Commented Jul 9, 2014 at 10:43

2 Answers 2


I think BGP is probably your best bet in this situation. The number of tail sites you have quickly exceeds the benefits of most IGPs. BGP would allow you to achieve all of your desired implementation requirements, such as limiting tail site knowledge to the primary/backup DC, standards based protocol, ability to efficiently handle over 5,000 different routes, etc.

OSPF is still an option; I just don’t think it’s the best option. You could always setup each leg of your network as a Totally Stubby Area so inter-area routes aren’t propagated down to the each site. Then you could have separate routing instances at each site to handle their networks independently of your head end.

Each SPF recalculation is going to cost you a pretty penny on resources. How volatile these connections are will affect that, this could be often depending on how aggressive your timing is.

Whatever your decision, BGP was designed to scale. And when anyone says they are looking for a way to scale to 7,000+ networks1, BGP is a no-brainer.

1 Forecasting based on growth to 1,900 sites x 4 networks at each site.


Mike, What you want to do is pushing the limits of any protocol implementation, so there is no good answer. Both OSPF or iBGP could be made to work. Any solution we (you) come up with will necessarily be a tradeoff between router processing power, memory (ie. cost), bandwidth, and convergence time. For example, you can break up OSPF into some number of areas to reduce the flooding, but at the expense of memory and CPU.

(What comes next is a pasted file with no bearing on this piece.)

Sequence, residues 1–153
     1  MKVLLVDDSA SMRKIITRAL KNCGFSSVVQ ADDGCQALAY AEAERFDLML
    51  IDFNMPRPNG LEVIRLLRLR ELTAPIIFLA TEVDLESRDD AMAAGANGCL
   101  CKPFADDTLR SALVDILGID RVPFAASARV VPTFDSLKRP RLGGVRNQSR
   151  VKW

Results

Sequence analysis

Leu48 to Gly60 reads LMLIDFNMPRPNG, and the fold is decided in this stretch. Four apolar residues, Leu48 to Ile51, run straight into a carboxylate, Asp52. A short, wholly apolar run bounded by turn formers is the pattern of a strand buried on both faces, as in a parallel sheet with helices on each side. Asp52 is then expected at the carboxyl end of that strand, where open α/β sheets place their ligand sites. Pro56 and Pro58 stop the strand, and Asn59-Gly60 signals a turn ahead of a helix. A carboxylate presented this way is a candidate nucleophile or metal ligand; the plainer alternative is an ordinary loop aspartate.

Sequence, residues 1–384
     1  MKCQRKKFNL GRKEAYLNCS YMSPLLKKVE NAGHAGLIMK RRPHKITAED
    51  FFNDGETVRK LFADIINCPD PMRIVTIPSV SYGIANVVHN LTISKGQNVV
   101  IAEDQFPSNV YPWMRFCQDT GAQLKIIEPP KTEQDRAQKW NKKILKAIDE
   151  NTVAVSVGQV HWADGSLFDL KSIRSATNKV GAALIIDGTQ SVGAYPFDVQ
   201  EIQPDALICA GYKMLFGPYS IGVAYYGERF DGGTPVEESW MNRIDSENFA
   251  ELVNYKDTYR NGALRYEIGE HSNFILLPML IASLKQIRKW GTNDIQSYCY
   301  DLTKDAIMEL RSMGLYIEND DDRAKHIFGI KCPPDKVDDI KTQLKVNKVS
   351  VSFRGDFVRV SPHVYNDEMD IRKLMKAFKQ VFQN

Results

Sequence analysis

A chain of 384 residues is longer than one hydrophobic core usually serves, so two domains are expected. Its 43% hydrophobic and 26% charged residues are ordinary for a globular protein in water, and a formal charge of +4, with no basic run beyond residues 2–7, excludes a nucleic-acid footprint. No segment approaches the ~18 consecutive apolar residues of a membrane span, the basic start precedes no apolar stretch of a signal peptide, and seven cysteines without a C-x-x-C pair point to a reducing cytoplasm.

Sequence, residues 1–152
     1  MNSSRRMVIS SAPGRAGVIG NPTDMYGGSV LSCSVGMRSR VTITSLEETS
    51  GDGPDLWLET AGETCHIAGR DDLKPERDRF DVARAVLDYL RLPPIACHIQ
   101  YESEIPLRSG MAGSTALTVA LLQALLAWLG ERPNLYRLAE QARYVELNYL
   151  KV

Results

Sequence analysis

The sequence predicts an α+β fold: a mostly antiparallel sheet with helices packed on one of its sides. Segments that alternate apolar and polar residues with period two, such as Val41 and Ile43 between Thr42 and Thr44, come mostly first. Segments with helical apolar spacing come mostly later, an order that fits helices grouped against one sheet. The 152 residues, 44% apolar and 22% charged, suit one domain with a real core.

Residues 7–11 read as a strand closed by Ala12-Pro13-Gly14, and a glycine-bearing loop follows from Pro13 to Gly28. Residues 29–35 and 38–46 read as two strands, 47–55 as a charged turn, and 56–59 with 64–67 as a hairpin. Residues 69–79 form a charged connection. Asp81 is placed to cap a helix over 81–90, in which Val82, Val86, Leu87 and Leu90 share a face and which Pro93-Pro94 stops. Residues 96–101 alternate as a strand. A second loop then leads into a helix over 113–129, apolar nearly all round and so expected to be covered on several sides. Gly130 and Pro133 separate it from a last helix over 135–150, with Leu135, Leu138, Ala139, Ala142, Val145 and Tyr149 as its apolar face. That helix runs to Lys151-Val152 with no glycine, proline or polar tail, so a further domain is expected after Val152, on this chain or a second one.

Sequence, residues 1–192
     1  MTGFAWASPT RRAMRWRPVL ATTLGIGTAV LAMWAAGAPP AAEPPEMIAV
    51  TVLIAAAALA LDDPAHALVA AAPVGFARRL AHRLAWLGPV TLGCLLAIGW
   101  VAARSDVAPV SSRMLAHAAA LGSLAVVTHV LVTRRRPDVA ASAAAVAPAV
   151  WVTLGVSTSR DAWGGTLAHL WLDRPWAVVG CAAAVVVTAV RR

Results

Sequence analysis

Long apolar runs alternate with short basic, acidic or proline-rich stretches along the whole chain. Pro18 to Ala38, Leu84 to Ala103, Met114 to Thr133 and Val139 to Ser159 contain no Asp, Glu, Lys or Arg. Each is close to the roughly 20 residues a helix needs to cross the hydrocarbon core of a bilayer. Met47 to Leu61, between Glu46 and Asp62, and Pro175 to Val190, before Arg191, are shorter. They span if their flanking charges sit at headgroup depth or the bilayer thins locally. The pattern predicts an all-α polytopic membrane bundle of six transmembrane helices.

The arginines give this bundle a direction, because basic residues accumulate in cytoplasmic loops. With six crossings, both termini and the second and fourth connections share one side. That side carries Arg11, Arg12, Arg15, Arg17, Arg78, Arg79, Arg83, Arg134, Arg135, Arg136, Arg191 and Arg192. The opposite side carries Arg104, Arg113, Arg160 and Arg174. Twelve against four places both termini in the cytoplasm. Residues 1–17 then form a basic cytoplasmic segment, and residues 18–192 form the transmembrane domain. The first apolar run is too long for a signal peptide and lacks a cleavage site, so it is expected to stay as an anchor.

Convergence time is important, because the faster you want your network to converge, the more CPU and bandwidth you require. As an extreme example, if you want to converge in a second or less, the hub router must generate, send, receive, and process 14400 hello packets per second (2 x 4 x 1800), and you use significant bandwidth doing so. That is in addition to actually routing traffic. That’s a lot to ask of any router.

Both BGP and (Cisco’s implementation of ) OSPF can filter routing updates to the spoke routers, reducing bandwidth. But the hub router will still generate them internally, and that takes a lot of CPU and memory. I don’t know how much you actually save.

I will emphasize @MikePennington’s point that for a network this size, you should really look at a hardware router. If not for your remote sites, then certainly for the hubs – that’s where all the processing is going on.

  • I wouldn't agree that it is pushing the protocol implementations for any protocol - We have purchased routes that have been tested by the vendor to run 2500 BGP session because we expect to get near that figure on them. It becomes a hardware scailing issue and software implementation issue of the protocol, not an issue with the protocol specifically (although I don't agree that IGPs like OSPF are a valid suggestion here).
    – Baldrick
    Commented Jul 9, 2014 at 12:54
  • @jwbensley I agree with you, essentially. That's why I said "protocol implementation" instead of just "protocol."
    – Ron Trunk
    Commented Jul 9, 2014 at 13:00